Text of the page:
Christianity, Earth Spirituality and the Climate Crisis - by SC Skillman

A few years ago I joined a fellow local author to hire a table at a popular weekend festival in Leamington Spa, the Peace Festival.  

At this festival, many diverse groups come together all connected by the same ethos: International Understanding and Peace. 

To see my own photos of the Peace Festival, taken in 2018, go to my blog post here.

The event showcases fair trade practices and encourages local crafts, artists, traders, organisations and entertainers to share their skills and talk about their causes. Warwick and Leamington Christians are always well-represented alongside a multitude of spiritual, ethical and idealistic causes. My fellow author, Chris Philpott, was offering his own book 'Green Spirituality.' On the table too were my two novels 'Mystical Circles' and 'A Passionate Spirit', both of which I considered ideal for the Peace Festival.

By the end of the festival weekend not only had Chris and I sold and signed several of our books, become involved in several fascinating conversations, taken turns to explore the festival, and soaked up the fantastic atmosphere, we also bought each others' books (inevitably!)

Chris had written his book to show how the climate crisis is a spiritual crisis:  because people 'have turned their back on the values and guidance offered by spiritual traditions of how to lead a climate-friendly life'. He asks what really lies behind humankind's destructiveness of nature, and he explores all the major religions of the world and shows how each, within their core teachings, offer a way of living that is in harmony with our planet.  

One individual came up to Chris, who briefly shared the theme of his book. The reply came, "That may be so, but we have no power at all. Our world is completely controlled by big corporations: they hold all the power."

Today I want to remind us all how tempting it is for us - even those of faith - to give up all hope, to share this man's view, and to feel powerless, in face of major forces for evil in this world.  

 I believe Christians have a huge role to play, and should consider the climate crisis an impelling spiritual issue.  That is borne out by another book I read more recently, written by a number of Christian authors with an eclectic view of spirituality.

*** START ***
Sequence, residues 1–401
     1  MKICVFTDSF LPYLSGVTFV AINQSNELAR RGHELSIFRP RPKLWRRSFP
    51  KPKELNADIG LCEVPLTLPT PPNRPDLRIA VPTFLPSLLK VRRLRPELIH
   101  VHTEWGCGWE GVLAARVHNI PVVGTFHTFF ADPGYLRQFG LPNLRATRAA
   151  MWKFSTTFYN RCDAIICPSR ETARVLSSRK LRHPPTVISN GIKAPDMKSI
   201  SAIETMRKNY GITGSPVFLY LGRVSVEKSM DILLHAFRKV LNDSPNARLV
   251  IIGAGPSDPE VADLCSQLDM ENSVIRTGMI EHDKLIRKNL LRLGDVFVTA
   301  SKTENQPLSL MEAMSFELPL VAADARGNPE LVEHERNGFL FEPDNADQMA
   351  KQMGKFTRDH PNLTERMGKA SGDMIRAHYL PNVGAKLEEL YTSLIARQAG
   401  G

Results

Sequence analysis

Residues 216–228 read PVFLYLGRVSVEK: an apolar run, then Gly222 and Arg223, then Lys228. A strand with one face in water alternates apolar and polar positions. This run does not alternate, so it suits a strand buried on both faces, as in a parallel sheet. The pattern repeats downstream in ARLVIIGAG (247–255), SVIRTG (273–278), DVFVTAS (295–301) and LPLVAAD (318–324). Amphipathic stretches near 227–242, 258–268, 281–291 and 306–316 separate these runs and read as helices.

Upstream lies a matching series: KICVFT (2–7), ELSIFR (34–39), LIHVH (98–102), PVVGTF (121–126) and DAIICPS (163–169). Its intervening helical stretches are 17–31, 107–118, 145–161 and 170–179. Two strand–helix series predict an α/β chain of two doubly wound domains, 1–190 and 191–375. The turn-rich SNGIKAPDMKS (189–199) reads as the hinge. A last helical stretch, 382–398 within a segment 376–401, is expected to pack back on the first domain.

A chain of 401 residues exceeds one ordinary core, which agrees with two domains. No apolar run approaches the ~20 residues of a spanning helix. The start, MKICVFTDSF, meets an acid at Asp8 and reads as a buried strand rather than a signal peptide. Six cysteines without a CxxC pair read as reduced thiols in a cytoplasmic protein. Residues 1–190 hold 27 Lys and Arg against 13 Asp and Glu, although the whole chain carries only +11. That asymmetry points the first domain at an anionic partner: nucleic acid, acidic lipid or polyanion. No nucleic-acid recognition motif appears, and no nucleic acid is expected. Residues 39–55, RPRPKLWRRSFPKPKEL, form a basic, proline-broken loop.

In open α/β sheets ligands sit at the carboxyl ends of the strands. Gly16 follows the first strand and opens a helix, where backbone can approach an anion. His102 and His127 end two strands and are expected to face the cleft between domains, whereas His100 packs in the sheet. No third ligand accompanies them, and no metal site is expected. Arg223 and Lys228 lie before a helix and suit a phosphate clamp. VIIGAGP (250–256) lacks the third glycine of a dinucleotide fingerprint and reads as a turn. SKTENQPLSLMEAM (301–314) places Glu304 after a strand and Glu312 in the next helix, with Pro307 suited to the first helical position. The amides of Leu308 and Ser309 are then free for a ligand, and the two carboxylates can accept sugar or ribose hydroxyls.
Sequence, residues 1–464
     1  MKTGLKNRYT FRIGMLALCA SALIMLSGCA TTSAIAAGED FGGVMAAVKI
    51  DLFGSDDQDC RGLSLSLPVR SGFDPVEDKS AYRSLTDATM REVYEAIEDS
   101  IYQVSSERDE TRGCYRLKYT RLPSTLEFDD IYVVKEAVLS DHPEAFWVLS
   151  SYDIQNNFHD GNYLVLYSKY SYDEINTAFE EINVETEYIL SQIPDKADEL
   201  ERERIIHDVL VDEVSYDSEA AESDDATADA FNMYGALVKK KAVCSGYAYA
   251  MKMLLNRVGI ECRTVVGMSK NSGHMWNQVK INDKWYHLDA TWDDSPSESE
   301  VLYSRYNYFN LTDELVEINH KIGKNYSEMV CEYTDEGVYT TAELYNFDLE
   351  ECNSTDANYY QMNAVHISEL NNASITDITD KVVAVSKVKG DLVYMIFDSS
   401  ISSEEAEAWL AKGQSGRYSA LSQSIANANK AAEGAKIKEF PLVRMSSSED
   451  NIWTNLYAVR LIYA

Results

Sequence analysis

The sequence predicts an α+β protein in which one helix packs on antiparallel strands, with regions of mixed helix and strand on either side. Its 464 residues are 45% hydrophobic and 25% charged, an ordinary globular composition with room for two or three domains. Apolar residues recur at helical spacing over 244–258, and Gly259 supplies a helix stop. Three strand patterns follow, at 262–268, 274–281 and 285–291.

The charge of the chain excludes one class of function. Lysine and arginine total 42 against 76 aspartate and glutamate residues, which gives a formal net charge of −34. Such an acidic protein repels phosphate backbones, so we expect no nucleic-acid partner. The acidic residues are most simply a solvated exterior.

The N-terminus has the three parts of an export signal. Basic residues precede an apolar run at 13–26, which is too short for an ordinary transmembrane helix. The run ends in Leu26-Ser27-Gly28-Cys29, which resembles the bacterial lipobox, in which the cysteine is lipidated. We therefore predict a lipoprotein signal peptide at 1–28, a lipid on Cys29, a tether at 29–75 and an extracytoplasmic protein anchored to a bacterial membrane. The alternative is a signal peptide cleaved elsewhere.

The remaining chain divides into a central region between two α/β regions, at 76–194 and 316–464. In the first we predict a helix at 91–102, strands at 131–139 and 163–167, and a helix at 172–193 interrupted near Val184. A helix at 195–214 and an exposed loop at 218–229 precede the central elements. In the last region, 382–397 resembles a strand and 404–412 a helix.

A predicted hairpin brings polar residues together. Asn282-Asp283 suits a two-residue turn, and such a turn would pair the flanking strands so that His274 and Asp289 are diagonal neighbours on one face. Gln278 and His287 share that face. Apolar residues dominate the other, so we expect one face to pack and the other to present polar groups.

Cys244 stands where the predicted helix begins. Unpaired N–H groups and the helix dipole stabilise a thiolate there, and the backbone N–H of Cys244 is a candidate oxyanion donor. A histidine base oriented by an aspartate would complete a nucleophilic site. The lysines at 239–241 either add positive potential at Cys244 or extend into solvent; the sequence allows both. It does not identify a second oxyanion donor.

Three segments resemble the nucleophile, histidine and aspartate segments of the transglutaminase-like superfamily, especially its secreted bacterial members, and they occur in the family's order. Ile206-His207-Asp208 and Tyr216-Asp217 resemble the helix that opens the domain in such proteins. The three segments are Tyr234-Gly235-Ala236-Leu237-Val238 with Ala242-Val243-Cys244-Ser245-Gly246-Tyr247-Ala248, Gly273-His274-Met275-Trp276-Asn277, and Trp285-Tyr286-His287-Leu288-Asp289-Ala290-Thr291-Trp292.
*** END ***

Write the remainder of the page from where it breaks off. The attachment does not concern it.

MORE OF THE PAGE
Earthed: Christian Perspectives on Nature Connection sounded like a book after my own heart. The book, edited by Bruce Stanley and Steve Hollinghurst, brings together the views and experiences of several authors who have a range of different approaches but all believe that Christianity's relationship with nature is of vital importance.

In the chapter 'Do I Not Fill Heaven and Earth?', Annie Heppenstall writes: 'A creation-centred spirituality should also include St Francis' rule of compassion for the poor, a rejection of the pursuit of wealth, status or reputation in favour of simplicity and poverty of spirit.'

Simon Cross, in his chapter on 'The Green Man', draws a thread connecting the story of the Garden of Eden with the Legend of the Holy Rood, North American Indian spirituality and its understanding of the Great Spirit, through space research and exploration, and the current fascination with wilderness survival skills (as demonstrated in various TV programmes on the subject).

At the time I was reading this book, I also saw a TV programme on Cambodia presented by Sue Perkins; she noted that as she spent time with the people of a remote rural community in that country, she glimpsed and for a short while experienced 'a relationship with the natural world that many of us crave'.

So why are we so self-destructive? Why do we destroy what we crave? 

Nick Thorpe, in his chapter 'Oceanic God' shares lessons from the power of the sea and from those who earn their living by chancing their lives upon the sea.

'After my sea pilgrimage,' he says, 'I resolved to allow myself a broader, more open-handed belief: less fretful about details of doctrine, more willing to let complex realities clash, and mysteries remain.'

There is also a lovely piece by Paul Cudby on 'Friendships Across the Divide: A Theology of Encounter' in which he describes a sense of nature connection which demonstrates the principle that 'whatever you practice regularly becomes almost intuitive and then new possibilities spring up.'

In conclusion I would urge Christians not to cut themselves off from this kind of nature connection. If we do this we alienate ourselves from those who find themselves naturally drawn to mystical spirituality, and we end up creating an unnecessary division between ourselves, and those whose spiritual practices share many of the common threads that link the world's myriad of faiths. If we always look to see what unites us, we have a greater hope of meeting the challenges which face us on this planet.

SC Skillman is the author of Mystical Circles, A Passionate Spirit and Perilous Path. For Amberley Publishing she has written Paranormal Warwickshire, Illustrated Tales of Warwickshire and A-Z of Warwick. Her new novel Director's Cut is currently with publishers and she is working on the sequel.

To find out more please visit her website.

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